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How Diesel-fueled Hybrids Work

Diesel Technology
The 2007 Chevrolet Volt concept is an example of a series hybrid -- but not a diesel-powered hybrid.
The 2007 Chevrolet Volt concept is an example of a series hybrid -- but not a diesel-powered hybrid.

A diesel engine and a gasoline engine are both are internal combustion engines. They both burn fuel to drive pistons, and they both have the same end result -- they provide the power that eventually turns the vehicle's wheels.

However, diesel engines are typically more efficient than gasoline engines, and there are a few mechanical differences between the two. First, diesel engines have no spark plugs -- air is compressed within the combustion chamber at such a high pressure that when diesel fuel is introduced, it ignites. Also, while gas engines use carburetors or port injection to deliver the fuel to the combustion chamber, today's diesel engines use what's called direct injection -- meaning the fuel is injected directly into the cylinder.

Compared to gasoline-powered vehicles, diesels are more fuel efficient, produce more torque and they tend to be more durable. On the other hand, they are often noisier, harder to start in cold weather and are more expensive than gasoline engines. For a much more complete understanding of diesel engines, you may want to read How Diesel Engines Work.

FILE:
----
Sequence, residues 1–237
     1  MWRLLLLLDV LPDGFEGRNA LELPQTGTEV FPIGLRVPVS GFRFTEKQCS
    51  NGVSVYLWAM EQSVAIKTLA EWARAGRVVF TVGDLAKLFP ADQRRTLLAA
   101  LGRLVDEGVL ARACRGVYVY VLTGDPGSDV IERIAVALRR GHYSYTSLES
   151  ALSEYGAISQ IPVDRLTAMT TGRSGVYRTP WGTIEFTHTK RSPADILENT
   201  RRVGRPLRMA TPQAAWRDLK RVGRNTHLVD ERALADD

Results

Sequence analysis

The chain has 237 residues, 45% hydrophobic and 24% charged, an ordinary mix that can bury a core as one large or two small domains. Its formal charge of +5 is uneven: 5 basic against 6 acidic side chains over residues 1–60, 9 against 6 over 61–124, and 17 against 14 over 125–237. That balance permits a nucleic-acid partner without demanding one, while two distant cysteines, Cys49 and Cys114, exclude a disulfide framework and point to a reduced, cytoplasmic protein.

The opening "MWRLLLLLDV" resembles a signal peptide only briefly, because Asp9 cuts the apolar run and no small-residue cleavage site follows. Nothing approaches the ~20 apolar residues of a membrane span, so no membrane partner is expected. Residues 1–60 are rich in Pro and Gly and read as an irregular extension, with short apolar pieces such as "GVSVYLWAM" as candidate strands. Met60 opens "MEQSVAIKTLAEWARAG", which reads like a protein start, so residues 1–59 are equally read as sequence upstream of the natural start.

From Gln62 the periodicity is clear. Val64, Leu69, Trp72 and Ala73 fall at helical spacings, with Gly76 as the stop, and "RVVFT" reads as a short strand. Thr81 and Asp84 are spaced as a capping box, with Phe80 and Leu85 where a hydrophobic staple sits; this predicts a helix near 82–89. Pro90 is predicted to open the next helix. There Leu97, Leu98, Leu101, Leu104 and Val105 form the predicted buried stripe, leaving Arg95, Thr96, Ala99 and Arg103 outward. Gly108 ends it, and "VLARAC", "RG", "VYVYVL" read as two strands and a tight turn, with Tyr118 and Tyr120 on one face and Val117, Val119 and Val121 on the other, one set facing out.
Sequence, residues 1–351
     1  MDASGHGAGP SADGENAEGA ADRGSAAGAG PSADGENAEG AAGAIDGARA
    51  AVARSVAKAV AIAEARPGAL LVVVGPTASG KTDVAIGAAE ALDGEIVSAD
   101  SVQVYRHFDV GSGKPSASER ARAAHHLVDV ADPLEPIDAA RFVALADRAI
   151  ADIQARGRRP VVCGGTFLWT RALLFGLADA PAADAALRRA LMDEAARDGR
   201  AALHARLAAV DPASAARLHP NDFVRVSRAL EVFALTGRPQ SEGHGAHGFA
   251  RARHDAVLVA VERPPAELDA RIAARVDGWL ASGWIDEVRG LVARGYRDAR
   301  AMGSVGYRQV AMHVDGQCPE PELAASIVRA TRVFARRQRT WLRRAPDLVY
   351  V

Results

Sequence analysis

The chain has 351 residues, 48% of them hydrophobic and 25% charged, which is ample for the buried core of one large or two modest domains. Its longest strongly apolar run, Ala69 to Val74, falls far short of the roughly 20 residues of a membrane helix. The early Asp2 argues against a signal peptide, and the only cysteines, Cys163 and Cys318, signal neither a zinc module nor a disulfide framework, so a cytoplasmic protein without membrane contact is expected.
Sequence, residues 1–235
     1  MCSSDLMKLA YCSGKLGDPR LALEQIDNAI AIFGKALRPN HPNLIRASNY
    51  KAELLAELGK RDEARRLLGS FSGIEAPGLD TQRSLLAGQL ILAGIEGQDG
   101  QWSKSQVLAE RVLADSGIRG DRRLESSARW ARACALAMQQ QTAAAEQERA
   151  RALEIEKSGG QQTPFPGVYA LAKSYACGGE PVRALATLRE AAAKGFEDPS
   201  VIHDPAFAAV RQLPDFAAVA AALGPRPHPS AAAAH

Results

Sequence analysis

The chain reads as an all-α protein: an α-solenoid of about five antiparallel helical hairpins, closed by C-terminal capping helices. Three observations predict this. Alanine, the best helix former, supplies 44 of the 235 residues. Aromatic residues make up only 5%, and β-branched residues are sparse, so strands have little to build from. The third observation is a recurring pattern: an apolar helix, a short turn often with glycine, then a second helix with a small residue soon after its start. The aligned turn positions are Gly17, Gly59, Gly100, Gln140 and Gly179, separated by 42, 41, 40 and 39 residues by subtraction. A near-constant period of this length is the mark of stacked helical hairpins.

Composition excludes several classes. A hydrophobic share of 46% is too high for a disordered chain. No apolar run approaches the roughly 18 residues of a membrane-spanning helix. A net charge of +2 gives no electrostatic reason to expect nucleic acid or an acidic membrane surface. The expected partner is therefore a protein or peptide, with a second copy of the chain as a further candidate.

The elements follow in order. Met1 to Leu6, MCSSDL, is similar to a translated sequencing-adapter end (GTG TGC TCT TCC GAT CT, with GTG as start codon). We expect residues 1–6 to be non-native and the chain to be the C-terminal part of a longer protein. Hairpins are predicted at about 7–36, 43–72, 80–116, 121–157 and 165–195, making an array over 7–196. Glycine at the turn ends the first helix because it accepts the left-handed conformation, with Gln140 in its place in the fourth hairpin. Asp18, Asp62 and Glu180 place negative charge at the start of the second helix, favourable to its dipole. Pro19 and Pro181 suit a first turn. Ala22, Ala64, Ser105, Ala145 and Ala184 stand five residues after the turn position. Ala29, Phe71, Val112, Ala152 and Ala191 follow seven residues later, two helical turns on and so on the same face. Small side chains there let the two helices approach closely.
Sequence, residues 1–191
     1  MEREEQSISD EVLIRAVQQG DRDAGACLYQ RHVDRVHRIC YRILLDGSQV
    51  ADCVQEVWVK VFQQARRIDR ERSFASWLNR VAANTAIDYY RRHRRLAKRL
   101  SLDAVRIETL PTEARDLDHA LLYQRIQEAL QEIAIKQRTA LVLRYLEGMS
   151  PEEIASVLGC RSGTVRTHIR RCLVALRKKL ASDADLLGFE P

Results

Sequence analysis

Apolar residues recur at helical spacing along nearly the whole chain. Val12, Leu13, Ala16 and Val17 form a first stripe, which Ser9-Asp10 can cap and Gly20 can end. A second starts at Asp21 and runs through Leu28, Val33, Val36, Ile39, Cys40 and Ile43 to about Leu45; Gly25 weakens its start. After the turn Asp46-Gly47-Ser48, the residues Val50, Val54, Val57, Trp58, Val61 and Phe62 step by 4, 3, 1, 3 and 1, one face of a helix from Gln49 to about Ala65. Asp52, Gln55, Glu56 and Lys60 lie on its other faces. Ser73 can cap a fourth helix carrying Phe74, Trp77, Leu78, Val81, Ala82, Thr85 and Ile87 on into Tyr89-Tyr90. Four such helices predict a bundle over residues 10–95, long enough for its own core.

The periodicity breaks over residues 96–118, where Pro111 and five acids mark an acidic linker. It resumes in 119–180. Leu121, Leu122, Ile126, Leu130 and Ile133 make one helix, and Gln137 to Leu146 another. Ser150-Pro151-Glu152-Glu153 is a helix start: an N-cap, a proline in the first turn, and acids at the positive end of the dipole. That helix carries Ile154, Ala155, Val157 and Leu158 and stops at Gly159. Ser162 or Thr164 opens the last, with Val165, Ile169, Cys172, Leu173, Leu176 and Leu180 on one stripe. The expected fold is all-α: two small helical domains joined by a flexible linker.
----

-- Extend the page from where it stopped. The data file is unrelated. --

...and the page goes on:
Hybrid vehicles, at least the ones that we're familiar with today, combine the attributes of a gasoline-powered vehicle with an electric-powered vehicle to achieve higher levels of fuel economy than a standalone internal combustion engine can. Typically, these cars feature gas-powered engines coupled with an electric motor that's powered by a large battery.

The two power sources found in a hybrid car come together in different ways. On a series hybrid, the gasoline engine is responsible only for charging the batteries; it is not directly responsible for turning the wheels of the vehicle. The engine turns a generator, the generator charges the batteries and the batteries power the vehicle's electric motor (or motors) to make the wheels turn. An example of this is the upcoming Chevrolet Volt.

On a parallel hybrid, the vehicle can be powered by either one of the two power sources. The power source the vehicle uses -- either the gas-powered engine or the electric-powered motor -- is dependent upon the current conditions, or rather what the driver is asking the vehicle to do. The Toyota Prius is an example of this kind of hybrid - it runs on electric power at lower speeds and turns on the gasoline engine for passing and higher speeds. Most hybrid cars on the road are parallel hybrids, and the cars discussed in this article follow this format as well.

If you're looking for a more detailed description of gasoline-powered hybrid technology, you may want to read How Hybrid Cars Work.

In the next section, we'll look at what it takes to build a diesel-powered hybrid, and examine why they're not on the roads yet.